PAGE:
Central pair microtubules represent a unique system for studying both microtubule-associated proteins and dynein regulation. Central pair structures with both 16- and 32-nm periodicities overlie the 8-nm tubulin dimer lattice and form complex interactions that, because of their regular periodicity, lend themselves to modern structural approaches such as digital image averaging. When combined with the ability to select mutations that disrupt parts of the central pair apparatus, and to clone and characterize the loci involved, these approaches should lead to rapid advances in our understanding of this flagellar structure and its role in motility. The recent identification of the pf15 gene product as a subunit of the microtubule severing protein katanin (Smith, E., and P. Lefebvre. 1998. Mol. Biol. Cell. 9:278a), and discovery of both a type 1 protein phosphatase, and an A kinase anchoring protein associated with the Chlamydomonas central pair (Sale, W., unpublished observations), suggest that the regulatory roles of this complicated structure are just beginning to be recognized. Further biochemical and molecular characterization of the CPC1 gene product should expand our understanding of the mechanisms through which radial spoke–central pair interactions regulate flagellar dynein activity, and may provide useful parallels to dynein regulation in other systems as well.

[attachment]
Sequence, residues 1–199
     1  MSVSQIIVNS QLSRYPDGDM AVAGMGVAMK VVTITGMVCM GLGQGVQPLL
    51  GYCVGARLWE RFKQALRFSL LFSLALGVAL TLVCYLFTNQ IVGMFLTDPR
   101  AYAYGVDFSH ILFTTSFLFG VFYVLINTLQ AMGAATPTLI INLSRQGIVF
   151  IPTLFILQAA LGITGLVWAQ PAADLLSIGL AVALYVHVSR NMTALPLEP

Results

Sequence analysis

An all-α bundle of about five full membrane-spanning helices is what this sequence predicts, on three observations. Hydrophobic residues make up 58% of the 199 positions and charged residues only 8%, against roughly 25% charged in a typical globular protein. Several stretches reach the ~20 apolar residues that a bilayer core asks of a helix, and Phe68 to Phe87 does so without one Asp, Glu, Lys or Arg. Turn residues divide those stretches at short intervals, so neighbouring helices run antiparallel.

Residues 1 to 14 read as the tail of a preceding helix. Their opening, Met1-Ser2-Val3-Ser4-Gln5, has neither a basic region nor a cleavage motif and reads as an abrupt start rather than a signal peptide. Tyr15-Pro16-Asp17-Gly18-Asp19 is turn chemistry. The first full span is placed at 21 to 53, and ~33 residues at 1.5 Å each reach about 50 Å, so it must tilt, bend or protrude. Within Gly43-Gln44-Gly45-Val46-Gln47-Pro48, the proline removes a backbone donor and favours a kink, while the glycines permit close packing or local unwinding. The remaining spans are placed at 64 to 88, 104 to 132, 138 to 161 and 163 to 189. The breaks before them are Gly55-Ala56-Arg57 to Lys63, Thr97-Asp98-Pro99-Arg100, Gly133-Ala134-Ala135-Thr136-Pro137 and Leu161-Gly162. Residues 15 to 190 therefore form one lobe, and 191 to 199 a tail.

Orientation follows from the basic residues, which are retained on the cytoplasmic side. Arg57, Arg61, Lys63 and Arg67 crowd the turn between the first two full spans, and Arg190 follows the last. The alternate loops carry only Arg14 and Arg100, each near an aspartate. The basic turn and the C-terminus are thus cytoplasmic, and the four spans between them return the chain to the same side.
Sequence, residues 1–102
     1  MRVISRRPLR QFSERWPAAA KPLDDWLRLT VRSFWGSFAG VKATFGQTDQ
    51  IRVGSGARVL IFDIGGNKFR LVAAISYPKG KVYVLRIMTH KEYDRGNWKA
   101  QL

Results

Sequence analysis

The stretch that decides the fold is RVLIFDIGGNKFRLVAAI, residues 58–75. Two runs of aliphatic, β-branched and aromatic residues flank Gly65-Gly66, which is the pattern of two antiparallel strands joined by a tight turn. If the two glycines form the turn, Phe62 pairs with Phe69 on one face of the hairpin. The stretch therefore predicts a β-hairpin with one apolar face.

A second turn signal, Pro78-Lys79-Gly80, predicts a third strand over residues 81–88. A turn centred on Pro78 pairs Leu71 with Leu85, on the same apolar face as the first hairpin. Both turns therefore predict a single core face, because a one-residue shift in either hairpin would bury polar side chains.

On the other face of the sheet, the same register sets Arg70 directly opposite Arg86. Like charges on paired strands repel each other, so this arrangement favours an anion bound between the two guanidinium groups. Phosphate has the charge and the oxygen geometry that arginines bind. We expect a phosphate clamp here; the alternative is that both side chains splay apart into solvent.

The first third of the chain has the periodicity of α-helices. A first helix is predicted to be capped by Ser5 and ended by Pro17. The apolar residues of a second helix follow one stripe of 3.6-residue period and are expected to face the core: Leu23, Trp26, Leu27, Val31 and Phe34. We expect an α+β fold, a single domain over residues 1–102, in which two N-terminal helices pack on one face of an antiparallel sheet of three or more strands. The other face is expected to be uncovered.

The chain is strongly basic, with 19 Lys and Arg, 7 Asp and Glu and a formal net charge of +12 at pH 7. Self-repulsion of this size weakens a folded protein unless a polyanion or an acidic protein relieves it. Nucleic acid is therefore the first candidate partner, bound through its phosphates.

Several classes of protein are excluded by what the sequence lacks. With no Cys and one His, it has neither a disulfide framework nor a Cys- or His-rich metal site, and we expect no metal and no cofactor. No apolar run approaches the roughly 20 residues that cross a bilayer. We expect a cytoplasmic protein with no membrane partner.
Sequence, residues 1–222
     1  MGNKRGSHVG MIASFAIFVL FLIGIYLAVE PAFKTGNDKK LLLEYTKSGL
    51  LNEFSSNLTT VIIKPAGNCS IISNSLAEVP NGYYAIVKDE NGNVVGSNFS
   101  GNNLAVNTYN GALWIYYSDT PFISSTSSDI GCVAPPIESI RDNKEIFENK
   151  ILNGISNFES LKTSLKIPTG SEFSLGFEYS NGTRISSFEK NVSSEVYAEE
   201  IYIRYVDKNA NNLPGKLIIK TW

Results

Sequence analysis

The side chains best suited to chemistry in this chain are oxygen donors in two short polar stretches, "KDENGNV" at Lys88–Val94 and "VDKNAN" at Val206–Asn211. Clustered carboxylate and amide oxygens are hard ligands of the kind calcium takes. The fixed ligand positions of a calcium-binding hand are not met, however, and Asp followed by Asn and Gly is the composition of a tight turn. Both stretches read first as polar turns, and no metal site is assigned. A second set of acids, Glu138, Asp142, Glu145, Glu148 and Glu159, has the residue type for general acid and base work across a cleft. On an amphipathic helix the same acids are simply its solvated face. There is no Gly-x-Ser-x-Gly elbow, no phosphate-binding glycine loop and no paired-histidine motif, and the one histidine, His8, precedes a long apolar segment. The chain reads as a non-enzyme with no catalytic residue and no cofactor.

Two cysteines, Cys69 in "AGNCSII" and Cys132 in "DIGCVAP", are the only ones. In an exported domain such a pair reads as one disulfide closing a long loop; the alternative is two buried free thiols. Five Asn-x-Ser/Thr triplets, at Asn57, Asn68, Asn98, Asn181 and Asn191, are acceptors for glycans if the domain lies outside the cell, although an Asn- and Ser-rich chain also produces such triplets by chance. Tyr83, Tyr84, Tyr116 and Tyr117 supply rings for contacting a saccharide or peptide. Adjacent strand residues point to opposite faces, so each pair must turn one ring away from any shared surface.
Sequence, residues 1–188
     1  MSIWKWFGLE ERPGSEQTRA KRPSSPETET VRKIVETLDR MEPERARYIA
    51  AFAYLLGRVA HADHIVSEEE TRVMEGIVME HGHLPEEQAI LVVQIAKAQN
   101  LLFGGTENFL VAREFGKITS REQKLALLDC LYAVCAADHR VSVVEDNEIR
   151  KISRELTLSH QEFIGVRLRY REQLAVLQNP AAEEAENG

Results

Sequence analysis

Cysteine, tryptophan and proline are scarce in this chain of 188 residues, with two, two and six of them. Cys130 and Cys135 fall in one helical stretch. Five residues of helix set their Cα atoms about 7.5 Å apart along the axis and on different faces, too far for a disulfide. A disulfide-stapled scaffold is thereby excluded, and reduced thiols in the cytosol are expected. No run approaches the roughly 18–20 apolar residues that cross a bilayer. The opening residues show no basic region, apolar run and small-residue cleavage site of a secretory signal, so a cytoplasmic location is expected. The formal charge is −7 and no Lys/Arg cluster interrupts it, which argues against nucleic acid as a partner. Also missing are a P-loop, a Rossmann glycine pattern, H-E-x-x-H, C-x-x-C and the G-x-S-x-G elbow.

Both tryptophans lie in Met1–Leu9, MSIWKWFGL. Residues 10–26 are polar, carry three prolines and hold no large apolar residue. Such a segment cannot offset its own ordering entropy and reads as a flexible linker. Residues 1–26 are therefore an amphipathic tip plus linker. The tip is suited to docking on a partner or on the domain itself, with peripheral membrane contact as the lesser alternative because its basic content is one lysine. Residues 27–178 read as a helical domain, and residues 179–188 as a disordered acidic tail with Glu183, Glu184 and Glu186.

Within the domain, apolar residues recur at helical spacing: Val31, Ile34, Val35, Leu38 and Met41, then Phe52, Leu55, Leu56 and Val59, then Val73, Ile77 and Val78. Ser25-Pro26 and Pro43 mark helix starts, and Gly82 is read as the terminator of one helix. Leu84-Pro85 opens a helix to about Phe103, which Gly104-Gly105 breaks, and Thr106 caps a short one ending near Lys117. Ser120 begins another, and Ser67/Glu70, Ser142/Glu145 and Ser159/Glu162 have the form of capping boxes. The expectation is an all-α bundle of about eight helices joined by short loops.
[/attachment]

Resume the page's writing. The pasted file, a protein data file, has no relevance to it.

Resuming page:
Acknowledgments

This work was supported by grants from the National Institutes of Health (GM44228 to D. Mitchell and GM51173 to W. Sale).

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Address correspondence to David R. Mitchell, Department of Anatomy, SUNY Health Science Center, 750 E. Adams Street, Syracuse, NY 13210. Tel.: (315) 464-8575. Fax: (315) 464-8535. E-mail: mitcheld@vax.cs.hscsyr.edu

D. Mitchell would like to express his appreciation to all members of the Sale lab, where most of this work was done, and acknowledge contributions from Kim Brown (plasmid rescue and Southern blotting). We would also like to thank M. Bernstein for provided anti-Klp1 antibodies, and Eileen O'Toole for the image averaging.